Black people or blacks is a racial, political, sociological or cultural classification of people. No people are literally black, but many people who have dark skin color are considered black. A variety of sociopolitical and biological factors are used to define categories of black people.
Some assert that only people of relatively recent African descent are black, while others argue that black may refer to individuals with dark skin color regardless of ethnic origin.
Due to the institution of slavery, over the course of centuries, blacks were taken from Africa and brought to the Americas, including North and South America and the Caribbean, where they were used as unskilled and disposable manpower for menial work.
In the United States, the institution of slavery proved to be a substantial wedge in the country, as the northern states gradually outlawed slavery, while many states in the south fought for its continued existence. The conflict eventually left the political arena and became a factor in the armed conflict that began in 1861.
As a consequence of the American Civil War, slavery was ended and blacks became American citizens. However, the process was painful, and the rights of citizenship were not equally extended and uniformly enforced.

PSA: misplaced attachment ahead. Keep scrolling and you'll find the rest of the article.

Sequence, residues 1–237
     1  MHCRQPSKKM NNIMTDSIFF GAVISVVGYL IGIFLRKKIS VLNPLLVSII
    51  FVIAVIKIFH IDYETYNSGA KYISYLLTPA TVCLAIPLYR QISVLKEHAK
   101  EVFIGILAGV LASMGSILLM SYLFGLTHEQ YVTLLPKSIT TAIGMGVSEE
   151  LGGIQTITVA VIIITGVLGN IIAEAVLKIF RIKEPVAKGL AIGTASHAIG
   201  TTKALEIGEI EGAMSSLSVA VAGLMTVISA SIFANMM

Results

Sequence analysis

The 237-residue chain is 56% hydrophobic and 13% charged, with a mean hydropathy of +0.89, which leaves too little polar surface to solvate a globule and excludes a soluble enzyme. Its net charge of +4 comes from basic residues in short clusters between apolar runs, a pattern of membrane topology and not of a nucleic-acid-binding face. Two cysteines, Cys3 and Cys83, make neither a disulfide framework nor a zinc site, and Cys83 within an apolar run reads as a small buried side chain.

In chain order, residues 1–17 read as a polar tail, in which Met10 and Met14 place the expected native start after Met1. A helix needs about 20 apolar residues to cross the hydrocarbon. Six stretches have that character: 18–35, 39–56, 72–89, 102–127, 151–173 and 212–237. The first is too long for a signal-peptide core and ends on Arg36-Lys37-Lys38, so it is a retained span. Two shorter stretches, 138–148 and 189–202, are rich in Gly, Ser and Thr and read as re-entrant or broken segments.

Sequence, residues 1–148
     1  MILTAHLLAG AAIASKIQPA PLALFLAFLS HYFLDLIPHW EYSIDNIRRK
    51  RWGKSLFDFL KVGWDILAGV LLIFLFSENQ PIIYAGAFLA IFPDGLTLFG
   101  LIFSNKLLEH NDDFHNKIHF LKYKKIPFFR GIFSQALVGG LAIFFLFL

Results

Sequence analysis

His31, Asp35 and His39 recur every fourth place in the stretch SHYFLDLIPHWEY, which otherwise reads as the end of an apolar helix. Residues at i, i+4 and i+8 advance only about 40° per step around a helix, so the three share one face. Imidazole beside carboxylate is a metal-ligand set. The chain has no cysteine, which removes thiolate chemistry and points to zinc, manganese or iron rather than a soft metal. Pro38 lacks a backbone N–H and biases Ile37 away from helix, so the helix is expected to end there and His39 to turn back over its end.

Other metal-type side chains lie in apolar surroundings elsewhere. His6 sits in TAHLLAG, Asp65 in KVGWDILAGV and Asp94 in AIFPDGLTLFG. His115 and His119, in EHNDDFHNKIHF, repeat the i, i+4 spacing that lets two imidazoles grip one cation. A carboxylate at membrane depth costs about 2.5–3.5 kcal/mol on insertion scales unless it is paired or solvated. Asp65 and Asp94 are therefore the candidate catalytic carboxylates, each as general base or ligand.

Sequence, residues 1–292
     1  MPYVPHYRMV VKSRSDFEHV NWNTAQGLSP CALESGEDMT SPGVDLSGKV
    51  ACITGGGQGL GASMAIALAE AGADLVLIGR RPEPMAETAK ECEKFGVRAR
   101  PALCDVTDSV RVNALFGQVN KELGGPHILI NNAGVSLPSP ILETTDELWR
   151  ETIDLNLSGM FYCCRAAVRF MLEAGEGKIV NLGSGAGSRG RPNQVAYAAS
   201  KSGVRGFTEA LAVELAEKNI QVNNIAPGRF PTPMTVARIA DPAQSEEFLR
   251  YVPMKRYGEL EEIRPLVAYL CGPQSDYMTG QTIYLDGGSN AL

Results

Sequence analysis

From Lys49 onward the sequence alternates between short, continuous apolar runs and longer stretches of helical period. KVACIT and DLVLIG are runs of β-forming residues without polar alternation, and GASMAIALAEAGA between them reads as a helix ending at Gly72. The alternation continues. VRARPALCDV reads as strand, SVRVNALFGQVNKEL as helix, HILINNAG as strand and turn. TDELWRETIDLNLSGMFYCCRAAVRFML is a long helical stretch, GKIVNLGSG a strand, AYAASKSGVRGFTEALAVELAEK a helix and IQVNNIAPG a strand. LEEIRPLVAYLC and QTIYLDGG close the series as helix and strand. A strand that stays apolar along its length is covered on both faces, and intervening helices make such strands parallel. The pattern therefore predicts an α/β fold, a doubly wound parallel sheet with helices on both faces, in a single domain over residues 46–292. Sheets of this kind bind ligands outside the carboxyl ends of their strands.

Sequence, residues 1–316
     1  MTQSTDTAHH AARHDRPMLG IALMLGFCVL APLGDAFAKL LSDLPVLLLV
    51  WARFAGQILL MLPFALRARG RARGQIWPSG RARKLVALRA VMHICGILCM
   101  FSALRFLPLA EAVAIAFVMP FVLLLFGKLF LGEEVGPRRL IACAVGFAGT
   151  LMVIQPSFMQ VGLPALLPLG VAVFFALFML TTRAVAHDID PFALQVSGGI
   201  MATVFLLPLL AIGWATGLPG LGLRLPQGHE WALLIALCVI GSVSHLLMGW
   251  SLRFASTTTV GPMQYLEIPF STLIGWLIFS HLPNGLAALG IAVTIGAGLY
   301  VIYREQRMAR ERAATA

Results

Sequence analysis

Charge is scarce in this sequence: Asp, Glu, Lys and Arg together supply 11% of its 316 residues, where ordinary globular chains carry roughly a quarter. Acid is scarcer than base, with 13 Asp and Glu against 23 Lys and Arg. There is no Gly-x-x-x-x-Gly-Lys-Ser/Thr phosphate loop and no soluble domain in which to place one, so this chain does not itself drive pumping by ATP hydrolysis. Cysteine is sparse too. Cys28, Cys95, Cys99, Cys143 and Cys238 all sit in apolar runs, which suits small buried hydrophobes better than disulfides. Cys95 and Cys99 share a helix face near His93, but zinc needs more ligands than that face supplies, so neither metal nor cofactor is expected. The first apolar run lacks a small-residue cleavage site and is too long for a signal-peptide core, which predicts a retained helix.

Black people in Trail of GloryEdit
Before the ConfederacyEdit
Blacks in the United States were generally at the bottom of the social ladder. In many states, blacks were enslaved. While there were free blacks, their liberty was precarious at best, and free blacks were not allowed the same rights white men were.
Incremental changes came with the War of 1812.
The modern conception of black people was quite different from that of the early 17th century. Few "blacks" were present in Europe at the time of the Thirty Years' War, and very few Europeans had ever seen one. When Grantville arrived in 1631 with James Nichols and his daughter Sharon, most assumed the talented and educated healers to be Moors.